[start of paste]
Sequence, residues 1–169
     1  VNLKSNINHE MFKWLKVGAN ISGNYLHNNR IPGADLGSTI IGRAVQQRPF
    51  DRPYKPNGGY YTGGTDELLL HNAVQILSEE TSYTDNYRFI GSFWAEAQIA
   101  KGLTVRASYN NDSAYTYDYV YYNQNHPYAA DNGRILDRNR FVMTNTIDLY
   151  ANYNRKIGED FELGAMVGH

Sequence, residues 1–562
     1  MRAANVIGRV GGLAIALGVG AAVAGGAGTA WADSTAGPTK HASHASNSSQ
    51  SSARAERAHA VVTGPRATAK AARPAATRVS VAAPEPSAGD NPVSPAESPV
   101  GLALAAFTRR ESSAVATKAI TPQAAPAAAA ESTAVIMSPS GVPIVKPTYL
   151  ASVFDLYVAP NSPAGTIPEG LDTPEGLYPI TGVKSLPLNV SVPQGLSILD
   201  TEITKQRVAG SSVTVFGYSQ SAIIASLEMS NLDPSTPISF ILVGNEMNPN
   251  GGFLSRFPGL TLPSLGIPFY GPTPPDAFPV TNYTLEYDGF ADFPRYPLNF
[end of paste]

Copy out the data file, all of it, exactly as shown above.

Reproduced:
Sequence, residues 1–169
     1  VNLKSNINHE MFKWLKVGAN ISGNYLHNNR IPGADLGSTI IGRAVQQRPF
    51  DRPYKPNGGY YTGGTDELLL HNAVQILSEE TSYTDNYRFI GSFWAEAQIA
   101  KGLTVRASYN NDSAYTYDYV YYNQNHPYAA DNGRILDRNR FVMTNTIDLY
   151  ANYNRKIGED FELGAMVGH

Sequence, residues 1–562
     1  MRAANVIGRV GGLAIALGVG AAVAGGAGTA WADSTAGPTK HASHASNSSQ
    51  SSARAERAHA VVTGPRATAK AARPAATRVS VAAPEPSAGD NPVSPAESPV
   101  GLALAAFTRR ESSAVATKAI TPQAAPAAAA ESTAVIMSPS GVPIVKPTYL
   151  ASVFDLYVAP NSPAGTIPEG LDTPEGLYPI TGVKSLPLNV SVPQGLSILD
   201  TEITKQRVAG SSVTVFGYSQ SAIIASLEMS NLDPSTPISF ILVGNEMNPN
   251  GGFLSRFPGL TLPSLGIPFY GPTPPDAFPV TNYTLEYDGF ADFPRYPLNF